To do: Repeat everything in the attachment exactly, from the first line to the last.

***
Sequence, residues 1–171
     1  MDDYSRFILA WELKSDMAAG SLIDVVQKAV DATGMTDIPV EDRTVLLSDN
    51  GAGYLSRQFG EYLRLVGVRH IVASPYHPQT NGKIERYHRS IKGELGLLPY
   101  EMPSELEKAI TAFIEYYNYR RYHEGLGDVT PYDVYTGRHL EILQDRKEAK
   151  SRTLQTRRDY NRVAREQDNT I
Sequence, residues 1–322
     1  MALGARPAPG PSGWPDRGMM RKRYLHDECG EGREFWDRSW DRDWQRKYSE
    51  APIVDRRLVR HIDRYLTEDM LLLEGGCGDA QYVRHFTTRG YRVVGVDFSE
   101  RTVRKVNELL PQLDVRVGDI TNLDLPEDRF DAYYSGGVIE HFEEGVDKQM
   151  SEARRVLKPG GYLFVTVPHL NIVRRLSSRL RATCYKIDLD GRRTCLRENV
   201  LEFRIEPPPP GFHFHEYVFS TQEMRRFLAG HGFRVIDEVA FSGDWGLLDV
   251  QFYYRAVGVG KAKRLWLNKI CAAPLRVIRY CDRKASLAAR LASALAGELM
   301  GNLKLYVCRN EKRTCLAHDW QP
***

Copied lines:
Sequence, residues 1–171
     1  MDDYSRFILA WELKSDMAAG SLIDVVQKAV DATGMTDIPV EDRTVLLSDN
    51  GAGYLSRQFG EYLRLVGVRH IVASPYHPQT NGKIERYHRS IKGELGLLPY
   101  EMPSELEKAI TAFIEYYNYR RYHEGLGDVT PYDVYTGRHL EILQDRKEAK
   151  SRTLQTRRDY NRVAREQDNT I
Sequence, residues 1–322
     1  MALGARPAPG PSGWPDRGMM RKRYLHDECG EGREFWDRSW DRDWQRKYSE
    51  APIVDRRLVR HIDRYLTEDM LLLEGGCGDA QYVRHFTTRG YRVVGVDFSE
   101  RTVRKVNELL PQLDVRVGDI TNLDLPEDRF DAYYSGGVIE HFEEGVDKQM
   151  SEARRVLKPG GYLFVTVPHL NIVRRLSSRL RATCYKIDLD GRRTCLRENV
   201  LEFRIEPPPP GFHFHEYVFS TQEMRRFLAG HGFRVIDEVA FSGDWGLLDV
   251  QFYYRAVGVG KAKRLWLNKI CAAPLRVIRY CDRKASLAAR LASALAGELM
   301  GNLKLYVCRN EKRTCLAHDW QP